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GRAPEVINE, Texas -- NACSTech 2004 may be at a different location this year -- moving from Dallas to Grapevine, Texas at the Gaylord Texan Resort and Convention Center -- but the workshops and sessions are as informative as ever.
Retailers, technology vendors, consultants and analysts gathered to share knowledge during workshops and sessions that offered a variety of tracks, covering topics from implementing scanning and pricebook technology to PCATS standards demonstrations.
On Monday, John Rossi and Patrick Raycroft of W. Capra Consulting Group spoke at the session entitled, "Selecting the Right Vendor: RFPs, Demos and Partners." Rossi explained key considerations when creating RFPs (request for proposal) for vendors, including focusing on vendor partners that are best for a c-store's individual business.
"During the RFP process you need to decide what you want or need in order to eliminate some of the vendors out there," said Rossi. "Ask yourself, 'Do I want hardware from one vendor and software from another, or do I want everything from one vendor?' Try to get it down to seven or eight, or even three or four vendors, and then take it from there to make your decision."
He also gave tips regarding evaluation criteria for vendors, and on asking for the best price up front in the RFP rather than the list price. "It will get you through the process much quicker," Rossi explained.
However, once the vendor responses are in, he warns not to settle on one vendor too quickly. "The goal is to get down to two vendors as quickly as you can, but you don't want to get to one vendor too quickly or you will eliminate your negotiation power," he said.
During one of Tuesday's sessions, "How To Benefit From Your Technology Investment," various small-chain retailers spoke about what they are doing to stay up-to-date with the latest technologies, and how they are benefiting from them.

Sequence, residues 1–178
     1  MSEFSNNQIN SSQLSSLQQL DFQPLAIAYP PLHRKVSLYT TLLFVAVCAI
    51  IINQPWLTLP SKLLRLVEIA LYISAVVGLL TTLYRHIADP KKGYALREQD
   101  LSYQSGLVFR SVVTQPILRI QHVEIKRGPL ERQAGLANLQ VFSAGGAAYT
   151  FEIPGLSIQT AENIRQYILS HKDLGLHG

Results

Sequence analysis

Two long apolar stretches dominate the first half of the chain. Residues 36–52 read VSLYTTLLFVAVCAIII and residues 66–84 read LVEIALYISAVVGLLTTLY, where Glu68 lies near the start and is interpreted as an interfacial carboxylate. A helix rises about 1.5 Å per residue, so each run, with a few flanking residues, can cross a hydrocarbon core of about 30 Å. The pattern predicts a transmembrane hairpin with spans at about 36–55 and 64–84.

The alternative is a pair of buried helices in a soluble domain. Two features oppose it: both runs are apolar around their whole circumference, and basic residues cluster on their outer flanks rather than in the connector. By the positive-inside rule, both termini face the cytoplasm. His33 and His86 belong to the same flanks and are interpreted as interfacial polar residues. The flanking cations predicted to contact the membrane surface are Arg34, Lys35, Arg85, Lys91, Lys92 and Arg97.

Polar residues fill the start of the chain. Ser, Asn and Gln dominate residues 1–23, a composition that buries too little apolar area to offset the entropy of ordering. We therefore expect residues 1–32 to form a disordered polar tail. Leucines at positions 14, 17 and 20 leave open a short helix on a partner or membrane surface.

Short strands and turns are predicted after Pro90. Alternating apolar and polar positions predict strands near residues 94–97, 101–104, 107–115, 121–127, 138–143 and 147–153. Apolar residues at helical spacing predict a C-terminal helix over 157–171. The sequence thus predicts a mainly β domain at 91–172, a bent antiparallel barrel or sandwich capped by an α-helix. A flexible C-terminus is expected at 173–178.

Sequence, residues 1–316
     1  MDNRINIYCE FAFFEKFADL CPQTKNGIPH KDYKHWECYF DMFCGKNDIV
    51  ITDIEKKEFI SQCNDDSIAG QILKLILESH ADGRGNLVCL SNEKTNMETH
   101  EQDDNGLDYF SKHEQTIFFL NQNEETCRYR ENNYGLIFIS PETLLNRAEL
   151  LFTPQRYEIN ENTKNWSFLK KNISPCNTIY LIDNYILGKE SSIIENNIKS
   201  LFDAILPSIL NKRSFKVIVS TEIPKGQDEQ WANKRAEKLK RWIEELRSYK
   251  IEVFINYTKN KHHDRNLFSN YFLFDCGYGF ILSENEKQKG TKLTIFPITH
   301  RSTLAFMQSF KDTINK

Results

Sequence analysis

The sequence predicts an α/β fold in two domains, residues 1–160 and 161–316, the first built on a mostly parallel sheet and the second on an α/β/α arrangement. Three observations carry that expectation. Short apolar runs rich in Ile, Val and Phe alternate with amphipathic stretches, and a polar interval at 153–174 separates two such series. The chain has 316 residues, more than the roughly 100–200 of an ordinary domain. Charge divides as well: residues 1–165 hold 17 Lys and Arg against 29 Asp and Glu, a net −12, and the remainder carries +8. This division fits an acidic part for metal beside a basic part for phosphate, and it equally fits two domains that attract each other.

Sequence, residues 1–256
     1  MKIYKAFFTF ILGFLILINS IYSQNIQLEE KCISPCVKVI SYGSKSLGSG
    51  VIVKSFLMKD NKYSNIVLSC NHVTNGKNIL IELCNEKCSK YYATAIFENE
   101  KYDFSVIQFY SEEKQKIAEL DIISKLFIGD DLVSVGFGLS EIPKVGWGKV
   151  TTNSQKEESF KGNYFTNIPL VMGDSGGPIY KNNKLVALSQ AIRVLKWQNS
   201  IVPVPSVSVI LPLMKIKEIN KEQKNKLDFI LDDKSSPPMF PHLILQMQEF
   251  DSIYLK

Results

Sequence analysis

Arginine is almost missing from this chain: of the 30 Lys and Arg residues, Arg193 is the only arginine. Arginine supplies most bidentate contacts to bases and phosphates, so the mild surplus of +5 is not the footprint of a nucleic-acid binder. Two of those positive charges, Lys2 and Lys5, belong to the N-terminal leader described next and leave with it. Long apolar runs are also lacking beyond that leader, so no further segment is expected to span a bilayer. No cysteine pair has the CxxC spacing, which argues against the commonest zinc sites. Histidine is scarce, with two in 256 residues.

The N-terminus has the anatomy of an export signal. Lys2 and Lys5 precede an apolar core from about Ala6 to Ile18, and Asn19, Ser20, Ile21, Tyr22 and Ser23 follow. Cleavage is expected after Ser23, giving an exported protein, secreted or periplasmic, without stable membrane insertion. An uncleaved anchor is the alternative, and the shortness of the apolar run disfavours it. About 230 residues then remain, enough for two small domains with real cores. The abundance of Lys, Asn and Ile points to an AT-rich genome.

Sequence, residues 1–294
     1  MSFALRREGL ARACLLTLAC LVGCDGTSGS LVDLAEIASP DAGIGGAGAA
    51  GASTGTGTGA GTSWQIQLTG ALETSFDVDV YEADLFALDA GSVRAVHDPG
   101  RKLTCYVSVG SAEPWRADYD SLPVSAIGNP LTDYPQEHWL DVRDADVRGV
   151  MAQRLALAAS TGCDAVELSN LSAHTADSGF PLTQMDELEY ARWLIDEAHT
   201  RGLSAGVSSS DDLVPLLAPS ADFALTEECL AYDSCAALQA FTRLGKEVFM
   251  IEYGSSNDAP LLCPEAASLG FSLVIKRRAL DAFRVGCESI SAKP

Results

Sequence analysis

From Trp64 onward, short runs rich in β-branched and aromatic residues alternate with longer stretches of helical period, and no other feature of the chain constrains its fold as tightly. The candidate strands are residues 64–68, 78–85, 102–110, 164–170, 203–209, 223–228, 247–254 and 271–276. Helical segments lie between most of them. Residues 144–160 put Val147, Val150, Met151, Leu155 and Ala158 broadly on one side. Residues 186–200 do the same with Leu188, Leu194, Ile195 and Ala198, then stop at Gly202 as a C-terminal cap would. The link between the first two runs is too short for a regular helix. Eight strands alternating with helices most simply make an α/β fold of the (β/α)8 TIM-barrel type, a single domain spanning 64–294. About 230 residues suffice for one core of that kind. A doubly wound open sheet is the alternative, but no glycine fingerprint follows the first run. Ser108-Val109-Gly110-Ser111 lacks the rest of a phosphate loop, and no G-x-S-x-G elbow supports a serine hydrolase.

Danny Norris, controller for Fast Petroleum, a 42-store chain based in Dalton, Ga., implemented scanning in 18 stores, both in and out; a wide area network (WAN) for all stores; and an EDI pricebook with its grocery supplier. The company also has a money-order system with payroll printing at the store.
"The number-one reason we implement store-level technology is to improve our bottom line," said Norris. "We also hope to improve customer service and efficiencies."
The WAN alone reduced the company's long-distance costs by $6,000 annually, and reduced phone-line expenses by another $6,000 annually. "We wanted to have a WAN in place before we started scanning," said Norris.
Although scanning and pricebook technology have been around for a while, many c-stores are still not taking the plunge -- especially the smaller chains. "I have no smaller competitors who scan and use a pricebook in my area," said Donna Perkins, pricebook coordinator at E-Z Stop Food Marts, a 19-store chain in Maryville, Tenn. "And it is the only way to have control of your retail stores."
Having a centralized pricebook is the first step toward other new technology, including electronic invoicing, item-level inventory and supply-chain analysis, according to Perkins, who urged stores of any size to get involved in scanning and pricebook technology if they have not already.
"If you think any technology is out of your grasp as a small retailer, it's really not," she said. "A lot of retailers begin the process and pull out. They need to understand they will face challenges, but they need to stick with it. It's worth it."
Another chain reporting benefits from pricebook implementation is Riiser Energy, a 22-store chain in Wausau, Wis. "We saw our gross margin greatly improve and our shrink decreased," said David Simonis, retail area manager. "Also, our promotions start and stop on time now, price changes happen when they should, and all the data is at our fingertips to make decisions. We are not doing item-level purchasing as a result."